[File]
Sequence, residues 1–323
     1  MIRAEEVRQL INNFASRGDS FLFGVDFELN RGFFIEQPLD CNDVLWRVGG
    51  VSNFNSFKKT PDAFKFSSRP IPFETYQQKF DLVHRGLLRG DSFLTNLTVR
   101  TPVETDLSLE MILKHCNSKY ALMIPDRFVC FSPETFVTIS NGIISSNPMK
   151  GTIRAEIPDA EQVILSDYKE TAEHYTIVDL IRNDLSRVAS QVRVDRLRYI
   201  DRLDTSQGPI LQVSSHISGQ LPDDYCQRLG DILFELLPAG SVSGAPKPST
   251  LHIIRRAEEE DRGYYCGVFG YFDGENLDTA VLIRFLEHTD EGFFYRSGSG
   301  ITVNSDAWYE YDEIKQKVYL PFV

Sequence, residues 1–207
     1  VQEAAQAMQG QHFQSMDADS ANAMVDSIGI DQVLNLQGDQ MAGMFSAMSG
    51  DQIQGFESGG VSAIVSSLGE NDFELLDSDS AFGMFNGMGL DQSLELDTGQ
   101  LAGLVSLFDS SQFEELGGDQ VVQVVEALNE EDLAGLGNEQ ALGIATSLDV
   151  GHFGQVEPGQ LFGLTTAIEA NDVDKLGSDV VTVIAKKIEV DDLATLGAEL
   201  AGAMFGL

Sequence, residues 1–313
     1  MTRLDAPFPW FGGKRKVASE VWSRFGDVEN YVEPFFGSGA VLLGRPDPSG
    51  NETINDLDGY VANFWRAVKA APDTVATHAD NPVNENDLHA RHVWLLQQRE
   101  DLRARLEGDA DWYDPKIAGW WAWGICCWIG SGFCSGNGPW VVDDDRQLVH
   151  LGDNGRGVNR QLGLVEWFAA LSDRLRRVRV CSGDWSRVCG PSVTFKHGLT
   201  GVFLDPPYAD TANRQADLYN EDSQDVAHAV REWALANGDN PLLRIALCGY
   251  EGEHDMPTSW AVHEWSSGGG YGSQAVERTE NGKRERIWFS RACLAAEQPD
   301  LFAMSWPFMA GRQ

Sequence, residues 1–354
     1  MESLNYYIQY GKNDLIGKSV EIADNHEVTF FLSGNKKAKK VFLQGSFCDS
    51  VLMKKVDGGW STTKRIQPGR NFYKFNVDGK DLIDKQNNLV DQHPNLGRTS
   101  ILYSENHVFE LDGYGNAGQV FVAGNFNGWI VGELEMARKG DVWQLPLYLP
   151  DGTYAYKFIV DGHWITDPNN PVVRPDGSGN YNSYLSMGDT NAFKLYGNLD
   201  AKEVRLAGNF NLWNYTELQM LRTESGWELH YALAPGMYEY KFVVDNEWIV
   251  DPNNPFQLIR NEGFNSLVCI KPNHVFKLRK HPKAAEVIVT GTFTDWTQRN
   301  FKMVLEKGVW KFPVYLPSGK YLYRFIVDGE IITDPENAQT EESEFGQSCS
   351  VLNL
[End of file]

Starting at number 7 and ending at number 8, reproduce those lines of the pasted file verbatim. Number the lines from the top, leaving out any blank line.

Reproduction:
   251  LHIIRRAEEE DRGYYCGVFG YFDGENLDTA VLIRFLEHTD EGFFYRSGSG
   301  ITVNSDAWYE YDEIKQKVYL PFV